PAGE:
Bees pollinate at least one third of our diet. It is hardly surprising, then, that renting out colonies for pollination is many times more profitable than honey production—nearly $15 billion worth of crops utilize the insects every year.
American agriculture relies heavily on hives, which are piled into trucks and moved from coast to coast. California almonds, for example, depend entirely on bees. By 2012, it is estimated that 90% of current hives in the United States will be needed to pollinate the groves. Other dependent crops include blueberries, peaches, cranberries, squash, and pumpkins.
Thus, news spread quickly when, in late 2006, worker bees from Western honeybee colonies began to disappear. Hive afflictions are not uncommon, but colony collapse disorder (CCD) is a puzzling phenomenon because the worker bees vanish, leaving behind a queen, brood, and food stores that are not immediately robbed by other bees.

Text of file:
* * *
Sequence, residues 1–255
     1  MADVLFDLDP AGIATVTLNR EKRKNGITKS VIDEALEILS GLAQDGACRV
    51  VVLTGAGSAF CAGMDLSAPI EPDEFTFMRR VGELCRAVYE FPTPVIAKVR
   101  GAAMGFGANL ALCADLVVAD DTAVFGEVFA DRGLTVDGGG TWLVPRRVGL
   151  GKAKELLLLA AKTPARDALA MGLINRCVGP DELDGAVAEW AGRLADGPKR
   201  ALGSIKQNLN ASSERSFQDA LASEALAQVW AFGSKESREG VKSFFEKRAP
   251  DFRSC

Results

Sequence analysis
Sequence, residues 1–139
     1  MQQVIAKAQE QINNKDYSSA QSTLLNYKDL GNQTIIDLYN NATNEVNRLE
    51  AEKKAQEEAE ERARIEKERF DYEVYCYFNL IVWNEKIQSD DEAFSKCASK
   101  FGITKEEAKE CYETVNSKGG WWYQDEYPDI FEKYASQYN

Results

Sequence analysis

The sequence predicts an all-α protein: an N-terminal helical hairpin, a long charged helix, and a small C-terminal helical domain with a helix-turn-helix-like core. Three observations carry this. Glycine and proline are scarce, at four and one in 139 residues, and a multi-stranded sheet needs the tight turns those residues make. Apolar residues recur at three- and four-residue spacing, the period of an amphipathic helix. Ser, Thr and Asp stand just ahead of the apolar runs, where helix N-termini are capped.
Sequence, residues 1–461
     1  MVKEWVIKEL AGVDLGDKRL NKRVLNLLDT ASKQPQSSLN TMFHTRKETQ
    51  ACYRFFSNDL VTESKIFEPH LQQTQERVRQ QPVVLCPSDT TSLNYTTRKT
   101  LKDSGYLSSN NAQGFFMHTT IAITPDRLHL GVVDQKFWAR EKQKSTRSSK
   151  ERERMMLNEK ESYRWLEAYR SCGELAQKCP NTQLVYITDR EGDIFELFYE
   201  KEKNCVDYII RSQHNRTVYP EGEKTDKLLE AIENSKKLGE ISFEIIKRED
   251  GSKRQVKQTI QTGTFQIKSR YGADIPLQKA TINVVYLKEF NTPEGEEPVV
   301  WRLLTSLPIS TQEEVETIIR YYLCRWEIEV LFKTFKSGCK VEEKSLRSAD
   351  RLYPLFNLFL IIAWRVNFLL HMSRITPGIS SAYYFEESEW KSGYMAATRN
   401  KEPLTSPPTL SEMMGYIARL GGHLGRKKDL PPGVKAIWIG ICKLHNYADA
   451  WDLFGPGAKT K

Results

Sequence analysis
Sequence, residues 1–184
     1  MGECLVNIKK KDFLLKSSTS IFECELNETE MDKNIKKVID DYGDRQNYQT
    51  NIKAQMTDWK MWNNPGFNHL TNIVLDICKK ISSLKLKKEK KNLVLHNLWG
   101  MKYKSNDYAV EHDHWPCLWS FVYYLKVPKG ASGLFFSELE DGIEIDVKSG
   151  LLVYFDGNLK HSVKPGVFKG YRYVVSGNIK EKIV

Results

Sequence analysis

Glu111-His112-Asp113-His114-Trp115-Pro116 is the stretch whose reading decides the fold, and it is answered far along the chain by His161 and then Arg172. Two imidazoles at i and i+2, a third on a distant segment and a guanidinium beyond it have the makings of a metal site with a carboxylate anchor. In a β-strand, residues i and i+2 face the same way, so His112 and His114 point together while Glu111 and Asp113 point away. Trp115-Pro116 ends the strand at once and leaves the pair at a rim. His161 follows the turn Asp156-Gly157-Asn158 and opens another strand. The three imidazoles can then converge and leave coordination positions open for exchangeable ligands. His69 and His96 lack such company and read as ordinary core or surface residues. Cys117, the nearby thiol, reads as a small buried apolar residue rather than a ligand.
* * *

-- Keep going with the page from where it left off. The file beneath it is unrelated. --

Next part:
According to a recent study, a virus likely triggers the disorder. Researchers caution, however, that there are probably a variety of factors and not a singular cause. Toxins, pesticides, stress, genetic tampering, and other woes of commercial beekeeping are all suspected.
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UPDATE: Check out this bleak assessment of the problem on AlterNet, October 16th.